>> While VC has this credentialSchema property, I assume it would still be
>> acceptable for a context to reference schema(s) directly?
>>
>> Thanks!
>>
>> K
>>
>>
>>
>>
>> On Jun 10, 2021, at 10:09 AM, Orie Steele <orie@transmute.industries>
>> wrote:
>>
>> This won't be a complete answer, but at the time of publication I
>> believe that field was used in 2 ways.
>>
>> 1. with json schema, see this for example -
>> https://w3c-ccg.github.io/vc-json-schemas/
>> 2. with hyperledger indy zkp-cl signature vc's
>>
>> In both cases, "credentialSchemas" was more about the VC data shape and
>> type, whereas contexts and JSON-LD are best used only for semantics.
>>
>> There are other tools like SHACL that can help do linked data shape
>> constraints, perhaps someone might use them with credentialSchemas in the
>> future.
>>
>> but AFAIK, "credentialSchemas" is focused on the credential data shape.
>> and "@context" is focused on the semantics and term definitions used in the
>> credential.
>>
>> OS
>>
>> On Wed, Jun 9, 2021 at 5:15 PM Kerri Lemoie <klemoie@concentricsky.com>
>> wrote:
>>
>>> Hello all,
>>>
>>> I’m reviewing this: https://www.w3.org/TR/vc-data-model/#data-schemas
>>>
>>> Could folks please explain to me the uses of credentialSchemas in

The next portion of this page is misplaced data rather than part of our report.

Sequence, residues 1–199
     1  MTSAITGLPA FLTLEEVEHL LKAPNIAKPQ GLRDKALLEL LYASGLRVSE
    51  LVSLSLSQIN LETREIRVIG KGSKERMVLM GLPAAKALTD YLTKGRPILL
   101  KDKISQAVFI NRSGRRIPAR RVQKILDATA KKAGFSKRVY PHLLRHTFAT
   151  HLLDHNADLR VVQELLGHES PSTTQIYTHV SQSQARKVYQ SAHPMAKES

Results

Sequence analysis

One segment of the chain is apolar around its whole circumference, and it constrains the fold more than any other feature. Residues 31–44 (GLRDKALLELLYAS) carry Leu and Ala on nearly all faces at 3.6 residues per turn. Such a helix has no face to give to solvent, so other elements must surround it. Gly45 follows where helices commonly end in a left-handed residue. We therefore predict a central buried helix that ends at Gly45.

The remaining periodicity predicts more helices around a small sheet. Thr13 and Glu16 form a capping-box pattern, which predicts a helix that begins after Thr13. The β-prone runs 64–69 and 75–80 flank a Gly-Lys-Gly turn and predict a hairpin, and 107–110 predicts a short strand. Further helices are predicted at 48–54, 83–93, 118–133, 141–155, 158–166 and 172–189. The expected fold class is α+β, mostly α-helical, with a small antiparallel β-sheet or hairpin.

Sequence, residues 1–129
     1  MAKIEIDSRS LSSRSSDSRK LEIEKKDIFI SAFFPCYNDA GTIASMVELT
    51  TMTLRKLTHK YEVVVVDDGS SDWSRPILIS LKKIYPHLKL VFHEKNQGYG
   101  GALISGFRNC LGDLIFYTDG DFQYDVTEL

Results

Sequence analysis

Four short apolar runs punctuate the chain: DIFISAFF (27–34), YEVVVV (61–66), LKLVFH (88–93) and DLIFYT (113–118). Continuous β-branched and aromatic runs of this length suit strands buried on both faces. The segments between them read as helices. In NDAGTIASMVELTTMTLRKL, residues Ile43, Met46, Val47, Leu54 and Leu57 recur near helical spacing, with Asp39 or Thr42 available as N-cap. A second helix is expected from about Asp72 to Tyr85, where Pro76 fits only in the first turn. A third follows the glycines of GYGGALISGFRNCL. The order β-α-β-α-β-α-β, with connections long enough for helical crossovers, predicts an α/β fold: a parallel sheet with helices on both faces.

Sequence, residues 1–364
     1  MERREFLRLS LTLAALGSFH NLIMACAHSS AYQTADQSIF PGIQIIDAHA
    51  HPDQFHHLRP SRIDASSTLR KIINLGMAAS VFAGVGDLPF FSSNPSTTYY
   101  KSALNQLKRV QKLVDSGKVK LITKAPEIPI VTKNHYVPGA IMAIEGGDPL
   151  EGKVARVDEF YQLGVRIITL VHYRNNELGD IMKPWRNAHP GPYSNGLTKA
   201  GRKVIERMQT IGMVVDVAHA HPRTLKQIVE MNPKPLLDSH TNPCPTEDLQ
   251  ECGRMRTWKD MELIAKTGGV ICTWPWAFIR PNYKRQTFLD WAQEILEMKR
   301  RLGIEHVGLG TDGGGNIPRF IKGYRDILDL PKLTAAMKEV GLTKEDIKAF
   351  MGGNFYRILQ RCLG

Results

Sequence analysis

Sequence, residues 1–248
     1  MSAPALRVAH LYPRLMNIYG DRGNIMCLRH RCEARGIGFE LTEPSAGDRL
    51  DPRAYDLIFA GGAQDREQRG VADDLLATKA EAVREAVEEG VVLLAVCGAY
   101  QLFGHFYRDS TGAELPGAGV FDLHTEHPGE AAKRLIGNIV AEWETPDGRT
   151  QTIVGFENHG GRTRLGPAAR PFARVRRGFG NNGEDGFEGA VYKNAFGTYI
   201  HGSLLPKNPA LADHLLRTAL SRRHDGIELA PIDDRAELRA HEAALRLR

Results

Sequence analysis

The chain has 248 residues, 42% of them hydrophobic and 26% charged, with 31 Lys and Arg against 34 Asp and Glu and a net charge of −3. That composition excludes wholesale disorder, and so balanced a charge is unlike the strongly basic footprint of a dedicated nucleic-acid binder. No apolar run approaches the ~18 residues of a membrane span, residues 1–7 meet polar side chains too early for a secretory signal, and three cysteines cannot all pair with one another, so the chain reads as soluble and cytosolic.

>>> comparison to @context files in JSON-LD? Is it that @context files name the
>>> attributes and credentialSchemas provide the information about how to
>>> validate the data/semantics?
>>>
>>> Can you provide some real-world examples? Bonus points for human
>>> centered examples such as identity,  education, &  workforce. :)
>>>
>>> Thanks!
>>>
>>> Kerri
>>>
>>>
>>>
>>> --------
>>> Kerri Lemoie, PhD
>>> Director, Digital Credentials Research & Innovation
>>> badgr.com <https://info.badgr.com/> | concentricsky.com
>>> she/her/hers
>>>
>>>
>>>
>>>
>>>
>>>
>>>
>>
>> --
>> *ORIE STEELE*
>> Chief Technical Officer
>> www.transmute.industries
>>
>> <https://www.transmute.industries/>
>>
>>
>>
>
> --
> *ORIE STEELE*
> Chief Technical Officer
> www.transmute.industries
>
> <https://www.transmute.industries/>
>
>
>
Received on Friday, 11 June 2021 18:08:58 UTC